Take a song and make it your own. Simply, put your twist on it; maybe that’s a restructure, a whole new vocal delivery, extending the composition, etc. Leave it up to Ontario’s Hawksley Workman to produce an exemplary model of what a cover can sound/look like. This time, Hawksley is putting his spin on the literary rocker Lou Reed’s “Dirty Boulevard” off the ‘New York’ LP.
2013 gave us more Hawksley Workman in guitar form. His new band, Mounties, an explosion of hard hitting rhythms, chugging, melodic guitar lines, and hooks a plenty has my interest piqued. And they’ve only formally released two songs –three with their “Merry Christmas Maybe”. Thrash Rock Legacy is what they’re calling their full length debut, and let’s cross our fingers it hits early in 2014. With “If This Dance Catches On” & “Headphones” as evidence, I might already have one of my favorite records for ’14 in ’13. Believe it….
Like I needed further confirmation. The much talked about Hawksley Workman, an Ontarian one man jam composing most all, continues to take me aback. Sometimes his sexed up glam meets fuzzy rock is where I feel he excels; but a stripped down ballad care of feathery keys and his moving, emotionally laced voice makes me weak at the knees. Yea, weak. Believe it.
My buckling knees asked him to stop. Hawksley continues to impress by showcasing his unique rendition of Joy Division’s “Love Will Tear Us Apart”. A cover originally appearing on the “Anger As Beauty” single as a b-side. Embarrassing as it is, a cover new to me — though it was released a decade ago. I mean, I can’t be up on everything.
All covers should be reinterpreted. Hawksley flips the script and places his cabaret, meets hypnotic sensual groove all over it…
I’m a faithful man. A solo artist continues to churn out formulaic perfection and then starts a new band, I’m in. A favorite artist exploring what he’s capable of when surrounding himself with like-minded folks makes me inevitably curious. Is it a 180 switch? Does that musician bring his formula to the new act and we experience unique nuances care of the other players? Whatever. Hawksley Workman concocts something, my ears demand it.
“If This Dance Catches On”, the 2nd single from Mounties, an act possibly turning into a 2013 Divine Fits, is up for consumption today via iTunes. It’s the “full version’; that means it’s full-fledged captivating Canadian cacophony…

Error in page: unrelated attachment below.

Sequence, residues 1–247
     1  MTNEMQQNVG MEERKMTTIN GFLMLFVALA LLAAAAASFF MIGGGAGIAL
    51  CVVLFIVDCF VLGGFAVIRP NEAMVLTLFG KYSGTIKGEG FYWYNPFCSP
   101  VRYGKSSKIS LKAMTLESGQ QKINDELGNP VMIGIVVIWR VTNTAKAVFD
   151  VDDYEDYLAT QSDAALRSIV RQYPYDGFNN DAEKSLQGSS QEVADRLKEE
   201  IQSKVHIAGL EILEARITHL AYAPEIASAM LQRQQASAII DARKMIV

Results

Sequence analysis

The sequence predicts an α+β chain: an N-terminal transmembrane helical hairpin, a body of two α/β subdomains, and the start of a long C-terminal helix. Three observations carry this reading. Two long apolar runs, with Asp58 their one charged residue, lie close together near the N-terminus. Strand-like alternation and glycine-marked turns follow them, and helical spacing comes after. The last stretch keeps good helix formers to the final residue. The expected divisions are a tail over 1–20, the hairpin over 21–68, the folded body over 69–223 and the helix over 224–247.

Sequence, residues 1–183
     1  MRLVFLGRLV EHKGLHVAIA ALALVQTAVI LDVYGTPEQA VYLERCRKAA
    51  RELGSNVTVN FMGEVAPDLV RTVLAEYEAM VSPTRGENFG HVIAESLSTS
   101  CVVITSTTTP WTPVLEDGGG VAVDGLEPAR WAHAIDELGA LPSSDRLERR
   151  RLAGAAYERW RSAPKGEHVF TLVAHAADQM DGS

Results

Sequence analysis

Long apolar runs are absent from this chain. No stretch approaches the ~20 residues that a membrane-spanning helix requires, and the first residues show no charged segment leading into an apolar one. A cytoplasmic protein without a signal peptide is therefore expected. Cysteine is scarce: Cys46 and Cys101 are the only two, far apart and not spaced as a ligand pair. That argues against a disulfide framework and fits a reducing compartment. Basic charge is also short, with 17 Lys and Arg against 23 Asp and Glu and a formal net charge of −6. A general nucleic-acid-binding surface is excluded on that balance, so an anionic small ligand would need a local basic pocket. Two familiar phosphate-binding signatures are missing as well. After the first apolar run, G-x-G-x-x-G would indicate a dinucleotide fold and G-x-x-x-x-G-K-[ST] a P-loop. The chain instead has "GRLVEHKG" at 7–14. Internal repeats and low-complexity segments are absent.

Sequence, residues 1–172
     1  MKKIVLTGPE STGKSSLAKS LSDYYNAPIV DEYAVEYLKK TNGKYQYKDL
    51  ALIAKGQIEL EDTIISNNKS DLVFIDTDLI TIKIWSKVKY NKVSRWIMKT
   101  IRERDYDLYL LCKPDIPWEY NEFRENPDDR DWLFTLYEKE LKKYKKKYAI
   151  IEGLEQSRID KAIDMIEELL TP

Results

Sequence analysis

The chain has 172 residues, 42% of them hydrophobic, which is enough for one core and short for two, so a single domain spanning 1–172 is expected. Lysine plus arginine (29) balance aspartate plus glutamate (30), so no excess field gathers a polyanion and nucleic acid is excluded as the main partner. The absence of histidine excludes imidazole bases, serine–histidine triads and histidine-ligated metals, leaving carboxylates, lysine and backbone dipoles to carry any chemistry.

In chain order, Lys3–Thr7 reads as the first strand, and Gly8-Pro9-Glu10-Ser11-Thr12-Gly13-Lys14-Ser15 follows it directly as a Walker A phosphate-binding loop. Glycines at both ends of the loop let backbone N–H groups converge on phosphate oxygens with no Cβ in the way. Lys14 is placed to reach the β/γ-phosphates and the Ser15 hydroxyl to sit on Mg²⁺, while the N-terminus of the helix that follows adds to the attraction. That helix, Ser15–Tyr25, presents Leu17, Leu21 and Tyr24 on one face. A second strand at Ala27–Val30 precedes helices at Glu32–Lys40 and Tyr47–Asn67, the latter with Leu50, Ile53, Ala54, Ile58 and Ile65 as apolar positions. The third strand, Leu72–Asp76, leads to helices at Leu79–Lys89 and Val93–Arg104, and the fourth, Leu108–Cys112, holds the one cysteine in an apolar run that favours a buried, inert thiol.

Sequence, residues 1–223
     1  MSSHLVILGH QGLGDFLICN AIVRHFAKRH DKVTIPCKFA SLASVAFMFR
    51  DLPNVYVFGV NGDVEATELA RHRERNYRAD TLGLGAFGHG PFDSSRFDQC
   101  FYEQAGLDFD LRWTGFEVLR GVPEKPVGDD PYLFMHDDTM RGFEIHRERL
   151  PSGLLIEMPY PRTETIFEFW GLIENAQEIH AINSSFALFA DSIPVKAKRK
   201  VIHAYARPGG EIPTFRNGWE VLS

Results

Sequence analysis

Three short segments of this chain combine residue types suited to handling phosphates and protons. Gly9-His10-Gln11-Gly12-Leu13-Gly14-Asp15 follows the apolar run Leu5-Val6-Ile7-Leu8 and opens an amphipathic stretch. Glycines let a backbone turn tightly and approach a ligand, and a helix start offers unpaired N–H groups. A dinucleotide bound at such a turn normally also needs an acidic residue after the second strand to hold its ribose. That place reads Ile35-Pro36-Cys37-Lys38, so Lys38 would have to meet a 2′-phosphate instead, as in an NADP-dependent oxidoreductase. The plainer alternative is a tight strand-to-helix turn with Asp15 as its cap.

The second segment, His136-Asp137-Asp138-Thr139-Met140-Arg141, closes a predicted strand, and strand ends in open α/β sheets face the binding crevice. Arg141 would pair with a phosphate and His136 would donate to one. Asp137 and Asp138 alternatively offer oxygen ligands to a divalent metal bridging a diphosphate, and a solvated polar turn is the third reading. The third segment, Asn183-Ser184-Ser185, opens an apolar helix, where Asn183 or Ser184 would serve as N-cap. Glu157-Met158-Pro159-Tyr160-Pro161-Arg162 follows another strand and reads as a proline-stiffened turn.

I ordered this backpack for my daily excursions. When it’s available, I also want to order the Mounties record — an inevitably catchy, shake your body rock extravaganza from the triple threat: Hawksley Workman, Steve Bays, and Ryan Dahle. The trio has already entranced us with “Headphones”, a groovy rocker drawing you again and again to the repeat button. With “If This Dance Catches On”, they’re pounding away with a hip swinging rhythm and chugging guitar line as the boys harmonize about one of life’s greatest actions: dancing and strutting your future salmon dance.
If I were forming a band, I’d keep it local. Those members would be friends, ones who share my interests and overall love of a sound. They’d be invested in the music, a movement that only so many can understand. My ‘mates would surround themselves in aural pleasures. If the option presented itself, they wouldn’t turn off the soundtrack to their lives. Ever.
Take the Ontarioan Hawksley Workman, a man capable of creating sexed up glam, chamber pop, celestial hymns, or countless other wonders, Steve Bays from British Columbia’s Hot Hot Heat, and Ryan Dahley from Vancouver’s Limblifter to form Mounties. Fittingly, they’re Canadian. ‘Headphones’, with its driving guitar line, perfect pop pleasantries, and anthemic sing along, is the equivalent of a date with your favorite record: one where it’s you, a favorite piece of vinyl, and your headphones to take in the aural experience. Get lost in the sound…
Opening up for an act has its many advantages. Hey Rosetta!, the aforementioned sextet my Canadian virtuoso Hawksley Workman cheerleads for, preceded Bombay Bicycle Club on Monday evening. First, you’re playing to a sold-out crowd who more than likely came for the headliner. Bring everything you can and win over new listeners. Second, time is of the essence. Not necessarily a fault for not having the audience you deserve. With the clock ticking down, the act knows there are no songs to include in the set where people begin chatting about Mars, perusing their mother’s Facebook status, or seeing if anyone has visited their OK Cupid’s profile page in the last 25 minutes. Hey Rosetta! not only packed in a set consisting of “New Goodbye” and “Seeds”, amongst other impactful orchestrated movers, they also showcased what a finely tuned outfit can do with minimal time: Captivate a crowd and leave them wanting just one more.